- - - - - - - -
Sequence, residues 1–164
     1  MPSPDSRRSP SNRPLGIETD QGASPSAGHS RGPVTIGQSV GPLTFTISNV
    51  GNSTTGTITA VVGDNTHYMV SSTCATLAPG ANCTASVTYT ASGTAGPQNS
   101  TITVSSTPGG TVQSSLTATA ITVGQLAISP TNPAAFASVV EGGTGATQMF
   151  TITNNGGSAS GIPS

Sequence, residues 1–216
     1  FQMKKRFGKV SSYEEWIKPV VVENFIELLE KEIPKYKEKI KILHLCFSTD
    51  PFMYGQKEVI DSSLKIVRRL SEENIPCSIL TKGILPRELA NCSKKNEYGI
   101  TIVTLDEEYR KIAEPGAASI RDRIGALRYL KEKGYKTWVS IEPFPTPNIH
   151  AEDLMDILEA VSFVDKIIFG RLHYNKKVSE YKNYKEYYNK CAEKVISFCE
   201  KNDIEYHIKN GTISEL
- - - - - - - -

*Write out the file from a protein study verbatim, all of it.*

Sequence, residues 1–164
     1  MPSPDSRRSP SNRPLGIETD QGASPSAGHS RGPVTIGQSV GPLTFTISNV
    51  GNSTTGTITA VVGDNTHYMV SSTCATLAPG ANCTASVTYT ASGTAGPQNS
   101  TITVSSTPGG TVQSSLTATA ITVGQLAISP TNPAAFASVV EGGTGATQMF
   151  TITNNGGSAS GIPS

Sequence, residues 1–216
     1  FQMKKRFGKV SSYEEWIKPV VVENFIELLE KEIPKYKEKI KILHLCFSTD
    51  PFMYGQKEVI DSSLKIVRRL SEENIPCSIL TKGILPRELA NCSKKNEYGI
   101  TIVTLDEEYR KIAEPGAASI RDRIGALRYL KEKGYKTWVS IEPFPTPNIH
   151  AEDLMDILEA VSFVDKIIFG RLHYNKKVSE YKNYKEYYNK CAEKVISFCE
   201  KNDIEYHIKN GTISEL